4. The guidelines where the interest would generally be waived have been framed keeping in mind the fact that for certain specified categories of imports such as ship stores and others, the import duty is finally not payable. In certain other cases, it was considered that in view of the production programme or nature of activity of the importers such as Ship Building Industry, Power Generating Project, the imported goods have to be generally retained for a longer period of time. Charging of interest would escalate the costs unnecessarily. In essence the guidelines cover the following cases. This would however be subject to the individual merits of a case :-

    (i) Goods supplied as ship stores/aircraft stores
    (ii) Goods supplied to diplomats
    (iii) Goods used in the units operating under manufacture-in-bond scheme
    (iv) Goods imported by 100% EOUs
    (v) Goods warehoused and sold through duty free shops
    (vi) Machinery, equipment and raw materials imported for building and fitment to ships
    (vii) Petroleum products
    (viii) Plant and Machinery imported for projects
    (ix) Machinery, equipment and raw-materials imported for manufacture and installation of power generation units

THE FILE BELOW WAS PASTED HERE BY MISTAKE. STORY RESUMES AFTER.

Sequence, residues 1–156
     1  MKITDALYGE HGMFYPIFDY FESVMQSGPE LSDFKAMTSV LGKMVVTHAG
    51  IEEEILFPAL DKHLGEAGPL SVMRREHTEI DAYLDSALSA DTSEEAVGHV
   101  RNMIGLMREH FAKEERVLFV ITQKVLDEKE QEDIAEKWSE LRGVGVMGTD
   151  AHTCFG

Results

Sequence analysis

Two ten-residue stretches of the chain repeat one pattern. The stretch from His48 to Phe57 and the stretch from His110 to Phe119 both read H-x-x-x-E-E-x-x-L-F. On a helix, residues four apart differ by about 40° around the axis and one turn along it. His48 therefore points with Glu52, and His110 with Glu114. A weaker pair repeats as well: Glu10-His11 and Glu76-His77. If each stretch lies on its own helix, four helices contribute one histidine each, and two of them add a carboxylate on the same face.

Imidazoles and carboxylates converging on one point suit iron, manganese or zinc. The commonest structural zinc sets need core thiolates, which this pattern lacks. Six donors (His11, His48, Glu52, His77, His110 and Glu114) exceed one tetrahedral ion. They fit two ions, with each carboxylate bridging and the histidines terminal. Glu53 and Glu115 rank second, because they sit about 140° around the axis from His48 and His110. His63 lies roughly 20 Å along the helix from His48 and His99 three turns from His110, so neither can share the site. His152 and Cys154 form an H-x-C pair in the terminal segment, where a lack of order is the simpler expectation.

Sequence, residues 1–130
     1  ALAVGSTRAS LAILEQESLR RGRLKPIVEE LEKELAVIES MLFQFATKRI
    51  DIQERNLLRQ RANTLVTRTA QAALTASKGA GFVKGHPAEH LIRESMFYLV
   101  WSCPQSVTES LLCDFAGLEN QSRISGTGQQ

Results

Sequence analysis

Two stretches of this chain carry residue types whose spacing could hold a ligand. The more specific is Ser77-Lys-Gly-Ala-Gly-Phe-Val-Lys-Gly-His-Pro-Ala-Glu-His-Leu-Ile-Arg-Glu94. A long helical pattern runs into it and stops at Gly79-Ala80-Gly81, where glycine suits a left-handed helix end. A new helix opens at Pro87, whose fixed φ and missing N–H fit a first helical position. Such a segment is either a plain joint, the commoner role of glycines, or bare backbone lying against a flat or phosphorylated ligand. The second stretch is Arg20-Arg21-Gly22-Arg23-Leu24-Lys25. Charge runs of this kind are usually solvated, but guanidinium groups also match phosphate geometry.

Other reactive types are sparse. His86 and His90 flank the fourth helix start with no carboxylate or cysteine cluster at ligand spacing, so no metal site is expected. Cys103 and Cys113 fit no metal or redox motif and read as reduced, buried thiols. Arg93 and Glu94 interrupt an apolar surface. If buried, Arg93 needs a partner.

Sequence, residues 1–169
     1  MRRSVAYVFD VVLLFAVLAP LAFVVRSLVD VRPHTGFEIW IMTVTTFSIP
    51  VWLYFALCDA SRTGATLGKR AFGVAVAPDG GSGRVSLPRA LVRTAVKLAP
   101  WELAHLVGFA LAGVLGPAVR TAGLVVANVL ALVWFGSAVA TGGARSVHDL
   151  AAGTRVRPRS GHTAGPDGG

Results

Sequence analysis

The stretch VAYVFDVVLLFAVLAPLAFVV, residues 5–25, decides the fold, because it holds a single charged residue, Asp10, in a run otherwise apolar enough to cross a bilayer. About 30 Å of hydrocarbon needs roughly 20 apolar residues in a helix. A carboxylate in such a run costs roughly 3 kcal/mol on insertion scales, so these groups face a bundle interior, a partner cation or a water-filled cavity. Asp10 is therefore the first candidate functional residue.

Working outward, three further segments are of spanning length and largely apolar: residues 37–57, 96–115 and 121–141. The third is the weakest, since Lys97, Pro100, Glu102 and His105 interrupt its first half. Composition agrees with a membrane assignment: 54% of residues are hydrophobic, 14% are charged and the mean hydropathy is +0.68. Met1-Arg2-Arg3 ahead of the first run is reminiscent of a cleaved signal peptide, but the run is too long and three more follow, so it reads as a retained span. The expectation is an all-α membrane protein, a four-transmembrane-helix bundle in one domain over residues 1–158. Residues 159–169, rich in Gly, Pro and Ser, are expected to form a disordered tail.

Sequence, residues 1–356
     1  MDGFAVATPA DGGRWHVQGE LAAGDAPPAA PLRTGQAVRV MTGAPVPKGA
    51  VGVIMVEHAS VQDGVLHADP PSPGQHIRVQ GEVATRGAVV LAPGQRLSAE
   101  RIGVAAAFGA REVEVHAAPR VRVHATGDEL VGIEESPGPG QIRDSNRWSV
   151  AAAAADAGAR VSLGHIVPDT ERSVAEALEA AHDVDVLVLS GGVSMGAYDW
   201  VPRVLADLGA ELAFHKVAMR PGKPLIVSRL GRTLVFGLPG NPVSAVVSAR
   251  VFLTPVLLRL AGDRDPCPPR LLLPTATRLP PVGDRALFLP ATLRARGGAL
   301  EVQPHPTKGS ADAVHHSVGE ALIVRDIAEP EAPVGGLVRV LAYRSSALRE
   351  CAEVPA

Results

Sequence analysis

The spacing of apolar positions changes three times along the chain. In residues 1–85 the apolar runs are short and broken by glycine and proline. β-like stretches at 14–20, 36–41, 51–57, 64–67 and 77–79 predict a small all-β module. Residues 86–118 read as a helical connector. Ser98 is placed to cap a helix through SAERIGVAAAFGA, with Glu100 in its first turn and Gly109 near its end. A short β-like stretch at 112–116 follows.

(x) Goods imported under OGL and warehoused for subsequent clearance against valid advance licences/Import-Export Pass Book Scheme or any similar scheme
    (xi) Goods imported in bulk by canalizing agencies/public sector trading or service agencies and warehoused for subsequent release for export production
    (xii) Imports under EPCG Scheme
    (xiii) Import of Capital Goods by Public Sector Undertakings

5. In respect of cases at 4 (i) and (ii) above, the waiver of interest is normally to be considered only after ex-bond clearance of goods for the said purpose. For cases at 4 (iv), the waiver of interest shall be considered on completion of the export obligation period and for cases at 4 (vi), the waiver of interest shall be considered only after the imported goods have indeed been cleared from the warehouse for actual use for building and fitment to ships.